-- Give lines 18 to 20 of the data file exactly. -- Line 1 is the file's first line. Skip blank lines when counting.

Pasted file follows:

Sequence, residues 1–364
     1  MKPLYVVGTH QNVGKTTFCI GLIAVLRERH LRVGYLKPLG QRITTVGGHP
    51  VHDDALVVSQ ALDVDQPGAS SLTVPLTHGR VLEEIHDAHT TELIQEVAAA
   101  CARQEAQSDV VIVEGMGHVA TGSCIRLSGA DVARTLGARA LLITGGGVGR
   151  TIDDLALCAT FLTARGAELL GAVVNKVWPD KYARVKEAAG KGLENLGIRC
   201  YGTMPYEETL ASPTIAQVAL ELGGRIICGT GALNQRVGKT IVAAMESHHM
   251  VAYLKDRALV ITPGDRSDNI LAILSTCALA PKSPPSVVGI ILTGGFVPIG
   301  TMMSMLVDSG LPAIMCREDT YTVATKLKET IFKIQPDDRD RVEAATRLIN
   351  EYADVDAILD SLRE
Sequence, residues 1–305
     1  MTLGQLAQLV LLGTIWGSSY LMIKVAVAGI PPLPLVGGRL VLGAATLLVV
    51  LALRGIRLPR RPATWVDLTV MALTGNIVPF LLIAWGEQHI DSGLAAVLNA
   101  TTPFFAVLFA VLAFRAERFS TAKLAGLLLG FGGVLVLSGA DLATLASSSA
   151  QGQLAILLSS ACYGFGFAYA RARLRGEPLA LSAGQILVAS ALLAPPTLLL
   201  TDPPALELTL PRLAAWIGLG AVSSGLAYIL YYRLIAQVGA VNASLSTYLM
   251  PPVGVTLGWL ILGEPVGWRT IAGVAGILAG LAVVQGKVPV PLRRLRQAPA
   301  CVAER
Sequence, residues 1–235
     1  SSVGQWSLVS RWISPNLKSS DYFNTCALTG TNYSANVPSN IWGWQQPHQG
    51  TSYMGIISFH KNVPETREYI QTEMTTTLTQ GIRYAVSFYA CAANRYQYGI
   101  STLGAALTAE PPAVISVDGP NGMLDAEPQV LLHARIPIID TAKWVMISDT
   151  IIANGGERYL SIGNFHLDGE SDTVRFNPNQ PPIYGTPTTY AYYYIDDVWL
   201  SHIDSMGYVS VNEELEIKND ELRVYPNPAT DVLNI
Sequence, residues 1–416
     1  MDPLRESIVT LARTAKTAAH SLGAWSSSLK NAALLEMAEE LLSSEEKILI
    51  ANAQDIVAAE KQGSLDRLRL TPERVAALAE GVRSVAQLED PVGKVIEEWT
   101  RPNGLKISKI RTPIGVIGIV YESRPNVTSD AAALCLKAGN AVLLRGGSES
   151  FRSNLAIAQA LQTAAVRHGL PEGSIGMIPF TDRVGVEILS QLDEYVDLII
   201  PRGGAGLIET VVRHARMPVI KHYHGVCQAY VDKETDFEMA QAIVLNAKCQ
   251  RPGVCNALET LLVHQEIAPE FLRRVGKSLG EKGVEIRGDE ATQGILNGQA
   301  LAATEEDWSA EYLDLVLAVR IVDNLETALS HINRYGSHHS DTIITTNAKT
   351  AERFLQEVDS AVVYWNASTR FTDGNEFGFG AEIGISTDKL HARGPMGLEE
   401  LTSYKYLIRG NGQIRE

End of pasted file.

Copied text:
Sequence, residues 1–235
     1  SSVGQWSLVS RWISPNLKSS DYFNTCALTG TNYSANVPSN IWGWQQPHQG
    51  TSYMGIISFH KNVPETREYI QTEMTTTLTQ GIRYAVSFYA CAANRYQYGI